“For many, chronic pain is depressing, period. It colors their day. It takes away their joy in life. It makes them feel helpless,” says Ouellette. “Even when the pain is gone, they’re waiting for it to come back. It becomes the central issue of their life.”
As a result, you may deprive yourself of daily pleasures, like going to the movies with a friend or going to a beloved niece’s wedding, because you’re so afraid that’s when the pain will return. That leads to social isolation — and even more depression. “Eventually you can’t tell which came first, the pain or the depression, but it doesn’t matter. The bottom line is you need to break that cycle,” says Ouellette.
Antidepressants may help, but they’re far more effective as part of a complete mental health program. Another part of that program is allowing yourself to grieve for what you’ve lost. Ouellette notes that for many people, having peripheral neuropathy means that something has died: their functionality, maybe even their ability to be independent. To move on, those losses must be recognized. According to Ouellette, “It’s all right to be angry; just don’t let the anger take over.” When you are ready to look forward, Ouellette suggests saying to yourself, “OK, something in my life has altered. Now, how do I deal with it?”
Mental health enhancers
For Mims Cushing, who has had neuropathy from unknown causes since 1999, part of dealing with it is putting her regular activities on hold when she feels her symptoms worsening. When you are having a lousy day, she recommends, find a way to take time out and do something you enjoy. “My book has a whole chapter on hobbies; escape your symptoms through distraction. We do hobbies because we love them, and what could be more uplifting?” (Cushing cowrote the book “You Can Cope with Peripheral Neuropathy” [Demos Health, 2009], with Dr. Latov.)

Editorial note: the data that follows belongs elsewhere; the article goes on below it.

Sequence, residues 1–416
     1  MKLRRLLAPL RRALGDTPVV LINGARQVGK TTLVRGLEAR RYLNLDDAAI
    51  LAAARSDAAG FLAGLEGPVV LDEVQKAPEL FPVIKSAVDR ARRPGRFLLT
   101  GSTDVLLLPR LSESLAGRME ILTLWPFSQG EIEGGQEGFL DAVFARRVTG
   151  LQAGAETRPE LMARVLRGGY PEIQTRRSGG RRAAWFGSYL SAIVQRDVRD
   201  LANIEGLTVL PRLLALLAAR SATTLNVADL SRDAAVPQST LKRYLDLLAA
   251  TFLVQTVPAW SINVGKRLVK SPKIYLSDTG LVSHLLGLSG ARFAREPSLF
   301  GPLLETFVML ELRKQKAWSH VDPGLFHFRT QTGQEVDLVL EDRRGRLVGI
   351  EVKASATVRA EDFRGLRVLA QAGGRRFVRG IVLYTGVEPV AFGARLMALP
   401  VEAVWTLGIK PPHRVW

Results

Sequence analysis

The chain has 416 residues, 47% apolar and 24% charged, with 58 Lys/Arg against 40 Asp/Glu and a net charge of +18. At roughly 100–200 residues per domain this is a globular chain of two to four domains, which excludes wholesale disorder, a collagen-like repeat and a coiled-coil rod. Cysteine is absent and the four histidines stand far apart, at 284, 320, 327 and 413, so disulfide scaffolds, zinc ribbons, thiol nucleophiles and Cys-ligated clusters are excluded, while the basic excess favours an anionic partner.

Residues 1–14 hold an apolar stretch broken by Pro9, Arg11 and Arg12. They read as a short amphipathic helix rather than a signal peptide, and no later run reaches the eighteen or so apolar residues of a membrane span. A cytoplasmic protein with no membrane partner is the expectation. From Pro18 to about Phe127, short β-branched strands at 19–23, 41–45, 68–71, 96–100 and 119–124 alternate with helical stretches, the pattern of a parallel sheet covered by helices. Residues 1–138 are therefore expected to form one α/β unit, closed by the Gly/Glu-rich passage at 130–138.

Cushing also offers this advice: “When you’re having a terrible day, don’t fight. Accept it. Instead of focusing on what’s hurting, look for one thing that went well.” It needn’t be anything phenomenal. Reminding yourself that you put all the laundry away is fine.
Don’t forget the effect your environment can have on you. It’s very easy to use pain as an excuse not to pick things up or to clean. “If you live in a messy house, it will slop over into the way you feel,” says Cushing. “Start small. Don’t try to clean the whole bedroom. Take out one drawer and reorganize it while you’re watching your favorite TV show,” she says. Who knows? You might find once you get started, you can’t wait to proceed! And the sense of accomplishment can only help lighten your mood.
Can’t regain your spirit alone? Find help. It doesn’t have to come from a mental health professional (although it can). Talk to friends, your doctor, or your pastor. Perhaps your local Agency on Aging can steer you to a service. (The national Web site is at www.n4a.org.) See if your doctor or an organization can steer you to people who they know have done well with neuropathy and might be willing to offer you support.
If you seek out a support group, however, remember that there’s a difference between telling others about your feelings and problems and complaining about them. Ouellette notes, “It shouldn’t just be people you can feel miserable with. The last thing you need is people to bring you down even further.”
Some support groups are run by trained professionals who can step in and redirect the discussion if a meeting is becoming a complaint session. But many others do not have a trained facilitator and rely on their members to respect the group’s ground rules and use their time together constructively.